- Mocking Classes with TypeScript
- Museum of the Analog Native
- A Tale of Two Issues
- Notes on AngularConnect 2017
- The Covert Opt-In
- Going Static with Hugo
- Productivity Is Happiness
- The Elevator of Infinite Abstraction
- Some notes on Angular 2 AoT mode with Webpack, Sass & ngtools
- Why I Haven’t Fixed Your Issue Yet
- Components with Custom Templates in Angular 2 (beta.7)
- Angular 2, CommonJS and Circular Dependencies
- AngularConnect: Summary and Analysis
- The Republic of Virtue: Terror, Tolerance and the Internet
- Fixing Chrome Autofill: Mysterious Wrong Values Solved
- Automatic @import of Less/Sass files with Gulp
- angular-wordpress-seed: A complete example project with AngularJS and the WordPress JSON REST API
- Book Review: Responsive Web Design with AngularJS; plus Musings on Technical Writing
- Exploring ES6 Classes In AngularJS 1.x
- The Programmer Dad
- One Year of GitHub and Open Source
- Building a 3D Game with CSS + HTML
- My Thoughts on ngEurope 2014 and AngularJS 2.0
- Writing Multi-Element Directives in AngularJS
- Experiences Building a Website with AngularJS + WP-API (WordPress API)
- A Note on Touch (Pointer) Events in Internet Explorer
- Enable Rich Social Sharing in Your AngularJS App
- A Killer Startup Idea
- What Makes A Good Tech Talk?
- Site-Wide Split Tests With Google Analytics Content Experiments
- Paginate (almost) Anything in AngularJS
- Auto-breadcrumbs with angular-ui-router
- Confessions of an Intermediate Programmer
- Audio Visualization with Web Audio, Canvas and the Soundcloud API
- Using Disqus with AngularJS
- An Overview of the ng-conf 2014 Presentations
- An Ordinal Date Filter for AngularJS
- How I got Zurb Foundation 4 to work with IE8 with zero lines of code
In unit testing, we often want to create mocks of other parts of our app in order to better isolate the particular component under test, and prevent us from dragging the whole dependency graph into our simple little unit test. Dependency graph of a component we want to test In the example above, we could mock out ListComponent, InboxComponent and MessageService and thereby forego the need to pull in all of the transitive dependencies (dependencies of dependencies).
If you, like me, were born in the 1980s, then you are a member of the final generation of analog natives - those who grew up during that period in which the Information Age reached the masses. Of course, all of humanity up until that point could be considered “analog native”; but uniquely, our generation is the one which experienced first-hand the transition from the analog to the digital world.
I write this from somewhere above Western Europe as I fly back to Vienna from the AngularConnect conference which just took place in London. Since a lot of the news and announcements from conferences typically take a long time to percolate out into the wider community, I thought I’d jot down a few notes of the things which I found interesting from the talks I saw (it was multi-track so I missed at least as much).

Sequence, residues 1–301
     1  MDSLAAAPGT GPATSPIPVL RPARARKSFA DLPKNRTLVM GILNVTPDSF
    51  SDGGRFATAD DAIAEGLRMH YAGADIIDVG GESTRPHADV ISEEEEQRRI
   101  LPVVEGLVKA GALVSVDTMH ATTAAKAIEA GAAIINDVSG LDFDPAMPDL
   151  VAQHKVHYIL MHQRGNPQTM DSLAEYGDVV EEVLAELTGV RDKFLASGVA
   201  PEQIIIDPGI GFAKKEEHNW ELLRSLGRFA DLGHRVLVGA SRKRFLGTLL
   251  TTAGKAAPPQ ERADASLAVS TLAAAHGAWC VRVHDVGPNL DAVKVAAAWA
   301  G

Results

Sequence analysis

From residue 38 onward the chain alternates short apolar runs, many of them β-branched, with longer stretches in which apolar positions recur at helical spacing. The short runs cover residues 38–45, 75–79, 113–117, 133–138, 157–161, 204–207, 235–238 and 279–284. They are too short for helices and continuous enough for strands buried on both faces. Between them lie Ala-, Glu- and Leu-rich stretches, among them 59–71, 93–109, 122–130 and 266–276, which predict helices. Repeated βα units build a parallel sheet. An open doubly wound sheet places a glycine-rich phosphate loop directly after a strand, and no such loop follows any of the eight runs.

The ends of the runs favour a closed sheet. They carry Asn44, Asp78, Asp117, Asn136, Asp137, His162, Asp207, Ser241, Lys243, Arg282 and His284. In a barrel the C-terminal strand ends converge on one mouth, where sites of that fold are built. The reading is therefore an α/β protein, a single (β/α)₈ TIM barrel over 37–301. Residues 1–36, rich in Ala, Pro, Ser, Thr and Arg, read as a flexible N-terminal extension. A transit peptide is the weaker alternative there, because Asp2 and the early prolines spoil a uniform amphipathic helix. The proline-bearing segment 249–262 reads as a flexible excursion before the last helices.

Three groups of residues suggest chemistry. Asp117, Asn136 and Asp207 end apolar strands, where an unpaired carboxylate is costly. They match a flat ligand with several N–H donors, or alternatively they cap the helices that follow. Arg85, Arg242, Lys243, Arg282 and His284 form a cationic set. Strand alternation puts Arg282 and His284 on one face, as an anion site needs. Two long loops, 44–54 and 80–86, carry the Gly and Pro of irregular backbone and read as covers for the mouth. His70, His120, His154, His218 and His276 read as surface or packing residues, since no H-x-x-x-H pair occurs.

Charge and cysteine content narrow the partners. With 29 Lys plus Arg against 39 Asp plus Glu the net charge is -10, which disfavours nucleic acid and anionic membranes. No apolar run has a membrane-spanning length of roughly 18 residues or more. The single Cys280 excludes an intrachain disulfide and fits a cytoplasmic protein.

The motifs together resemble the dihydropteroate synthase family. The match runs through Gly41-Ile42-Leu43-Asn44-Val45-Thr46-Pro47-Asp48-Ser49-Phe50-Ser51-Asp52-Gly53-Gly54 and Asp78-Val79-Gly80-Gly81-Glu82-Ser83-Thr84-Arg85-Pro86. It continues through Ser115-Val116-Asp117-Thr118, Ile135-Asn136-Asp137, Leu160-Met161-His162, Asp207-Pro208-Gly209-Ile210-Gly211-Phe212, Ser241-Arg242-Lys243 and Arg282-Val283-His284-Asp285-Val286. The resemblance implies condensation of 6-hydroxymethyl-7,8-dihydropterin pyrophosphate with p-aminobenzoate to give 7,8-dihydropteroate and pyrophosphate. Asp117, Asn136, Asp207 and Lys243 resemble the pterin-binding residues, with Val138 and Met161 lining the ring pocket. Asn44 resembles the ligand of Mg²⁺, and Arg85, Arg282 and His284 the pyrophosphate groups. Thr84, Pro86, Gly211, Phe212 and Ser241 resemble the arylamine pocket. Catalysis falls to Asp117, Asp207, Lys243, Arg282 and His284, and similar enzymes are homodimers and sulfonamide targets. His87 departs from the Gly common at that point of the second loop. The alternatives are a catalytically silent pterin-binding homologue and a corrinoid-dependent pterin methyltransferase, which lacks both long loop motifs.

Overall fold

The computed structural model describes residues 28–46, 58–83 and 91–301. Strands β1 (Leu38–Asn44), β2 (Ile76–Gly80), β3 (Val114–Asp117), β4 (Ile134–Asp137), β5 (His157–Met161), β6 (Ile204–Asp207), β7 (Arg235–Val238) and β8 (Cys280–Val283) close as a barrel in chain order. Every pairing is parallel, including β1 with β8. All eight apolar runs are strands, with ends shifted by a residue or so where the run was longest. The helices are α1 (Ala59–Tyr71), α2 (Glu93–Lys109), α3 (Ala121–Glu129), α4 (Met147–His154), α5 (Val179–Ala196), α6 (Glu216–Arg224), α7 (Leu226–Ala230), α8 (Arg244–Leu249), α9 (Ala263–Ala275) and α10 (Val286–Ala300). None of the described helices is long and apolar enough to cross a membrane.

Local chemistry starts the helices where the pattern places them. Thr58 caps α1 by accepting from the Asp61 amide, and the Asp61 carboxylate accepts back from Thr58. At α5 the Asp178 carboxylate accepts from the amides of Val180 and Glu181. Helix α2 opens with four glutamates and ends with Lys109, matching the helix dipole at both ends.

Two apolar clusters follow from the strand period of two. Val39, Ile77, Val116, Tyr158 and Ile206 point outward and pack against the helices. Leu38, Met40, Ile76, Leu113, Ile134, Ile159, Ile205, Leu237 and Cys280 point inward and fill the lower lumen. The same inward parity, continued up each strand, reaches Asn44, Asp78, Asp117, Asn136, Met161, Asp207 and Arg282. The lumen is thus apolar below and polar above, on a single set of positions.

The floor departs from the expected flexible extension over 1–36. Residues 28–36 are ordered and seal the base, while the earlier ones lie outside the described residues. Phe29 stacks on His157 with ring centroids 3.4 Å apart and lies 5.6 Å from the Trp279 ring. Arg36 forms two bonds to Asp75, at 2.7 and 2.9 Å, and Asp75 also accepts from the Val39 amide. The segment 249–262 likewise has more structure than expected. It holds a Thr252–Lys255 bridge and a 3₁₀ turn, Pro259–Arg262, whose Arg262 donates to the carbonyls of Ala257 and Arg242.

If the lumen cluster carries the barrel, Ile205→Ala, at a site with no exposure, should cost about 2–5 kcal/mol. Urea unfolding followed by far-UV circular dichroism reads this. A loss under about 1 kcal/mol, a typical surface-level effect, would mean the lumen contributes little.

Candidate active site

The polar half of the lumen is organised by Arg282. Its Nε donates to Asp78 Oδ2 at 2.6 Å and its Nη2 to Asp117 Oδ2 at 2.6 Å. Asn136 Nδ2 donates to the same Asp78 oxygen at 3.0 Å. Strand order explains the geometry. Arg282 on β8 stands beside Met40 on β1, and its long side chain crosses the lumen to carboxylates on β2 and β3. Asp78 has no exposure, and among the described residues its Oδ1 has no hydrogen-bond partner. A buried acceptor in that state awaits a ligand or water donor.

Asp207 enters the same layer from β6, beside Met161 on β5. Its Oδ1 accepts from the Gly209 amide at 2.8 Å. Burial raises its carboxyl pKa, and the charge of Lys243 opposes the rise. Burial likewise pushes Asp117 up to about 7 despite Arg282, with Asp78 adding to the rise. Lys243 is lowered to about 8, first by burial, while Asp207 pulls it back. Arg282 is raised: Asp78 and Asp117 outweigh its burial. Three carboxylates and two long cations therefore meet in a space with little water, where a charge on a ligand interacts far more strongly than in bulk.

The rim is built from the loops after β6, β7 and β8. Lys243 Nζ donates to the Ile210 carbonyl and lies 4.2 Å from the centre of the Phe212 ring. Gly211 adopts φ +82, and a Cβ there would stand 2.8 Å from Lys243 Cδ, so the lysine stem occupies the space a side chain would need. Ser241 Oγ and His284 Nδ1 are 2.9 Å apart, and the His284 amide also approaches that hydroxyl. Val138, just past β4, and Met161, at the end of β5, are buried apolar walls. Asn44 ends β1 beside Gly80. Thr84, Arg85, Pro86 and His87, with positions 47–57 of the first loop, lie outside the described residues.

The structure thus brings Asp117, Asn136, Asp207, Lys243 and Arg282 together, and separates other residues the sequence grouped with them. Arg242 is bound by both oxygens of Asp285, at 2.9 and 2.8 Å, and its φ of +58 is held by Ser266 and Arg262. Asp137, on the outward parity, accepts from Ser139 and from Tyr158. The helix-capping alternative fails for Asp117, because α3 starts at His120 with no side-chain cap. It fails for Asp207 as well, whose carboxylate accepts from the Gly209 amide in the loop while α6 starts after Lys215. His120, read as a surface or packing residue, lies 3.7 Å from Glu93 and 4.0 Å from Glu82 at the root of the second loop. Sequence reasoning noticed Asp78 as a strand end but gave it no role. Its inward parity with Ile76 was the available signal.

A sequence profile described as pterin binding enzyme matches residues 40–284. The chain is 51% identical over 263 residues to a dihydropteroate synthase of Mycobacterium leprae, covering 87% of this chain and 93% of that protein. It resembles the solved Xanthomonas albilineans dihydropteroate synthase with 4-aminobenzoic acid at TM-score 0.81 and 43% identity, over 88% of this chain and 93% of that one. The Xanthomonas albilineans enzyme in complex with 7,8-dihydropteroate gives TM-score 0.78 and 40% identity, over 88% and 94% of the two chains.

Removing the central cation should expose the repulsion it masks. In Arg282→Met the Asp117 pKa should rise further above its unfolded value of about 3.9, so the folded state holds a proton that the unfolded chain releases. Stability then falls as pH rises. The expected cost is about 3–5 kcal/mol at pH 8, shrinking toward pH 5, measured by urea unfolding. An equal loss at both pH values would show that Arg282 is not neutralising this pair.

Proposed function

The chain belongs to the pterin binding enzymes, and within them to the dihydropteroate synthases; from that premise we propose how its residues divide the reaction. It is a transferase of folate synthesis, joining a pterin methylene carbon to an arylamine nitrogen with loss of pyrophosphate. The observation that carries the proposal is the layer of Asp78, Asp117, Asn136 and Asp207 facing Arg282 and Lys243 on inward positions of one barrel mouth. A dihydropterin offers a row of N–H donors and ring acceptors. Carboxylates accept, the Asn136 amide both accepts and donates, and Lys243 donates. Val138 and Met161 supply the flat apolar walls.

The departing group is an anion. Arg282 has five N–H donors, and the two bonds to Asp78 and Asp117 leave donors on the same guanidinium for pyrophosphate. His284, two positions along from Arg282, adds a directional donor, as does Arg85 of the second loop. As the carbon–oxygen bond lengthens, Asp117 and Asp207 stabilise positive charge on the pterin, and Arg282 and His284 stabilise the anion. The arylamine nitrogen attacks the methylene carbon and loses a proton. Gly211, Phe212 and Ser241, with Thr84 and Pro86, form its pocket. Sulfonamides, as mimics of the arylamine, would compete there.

About 13 years ago I built a web shop for my dad’s company. Like many small businesses, the company does not have an in-house development or IT department, so anything vaguely website-related tends to end up in my inbox. This is how I recently found myself in a conference call with Dom from IntegriMart1, a company which provides marketing tools for websites. This type of business is known as a “marketing tech” company, sometimes abbreviated to the crap-sounding “martech”, and a close cousin to “adtech”.
I have just converted this website from an AngularJS app backed by the Wordpress REST API to a static HTML site powered by Hugo, a static site generator written in Go. This post explains my reasoning, experiences and thoughts about the results. Back in 2014 I was learning AngularJS, and I decided to build my website with it as a learning exercise. I wrote about it here. I was happy with the design, but there were a number of issues with which I gradually grew dissatisfied.
When we talk about productivity, it is usually in the context of our professional lives. Is this fair? Does productivity begin and end at the office door? I’d like to address this question indirectly, by backing up and taking a high-level look at the subject. No tips or “weird tricks” here; rather some brief thoughts on the scope of productivity. Productivity is happiness. Happiness is the sensation you get when you progress towards a goal.
In software development, we often hear and speak of abstractions. When we use this term, we often mean some variation on concepts such as “hiding the implementation details”, “providing an interface”, “modelling a data type” or even “removing duplicate code”. But what is the essence of abstraction? The origin of "abstract" in the Macmillan Dictionary for Students I was recently looking up the term “abstract” in a dictionary, and was struck with the origin of the word:
Earlier this week I set out to convert a few of my Angular 2 apps to use Ahead-of-time (AoT) compilation. I’ve just been to AngularConnect and heard about a project named “@ngtools/webpack” (video here) which supposedly allows you to use the same build tools that the angular-cli project uses, even if you don’t use the cli (which is the case with my stuff right now). So I eagerly searched out@ngtools/webpack on npm and found this:
SKQW (pronounced “skew”) is a native desktop audio visualization application written in TypeScript with Angular 2, and implemented on the Electron framework. It is currently in alpha and a compiled binary only exists for Windows, but I’m hoping that - if there is interest - I can push the project forward and improve stability, features and of course bring full support to Mac OS X and Linux.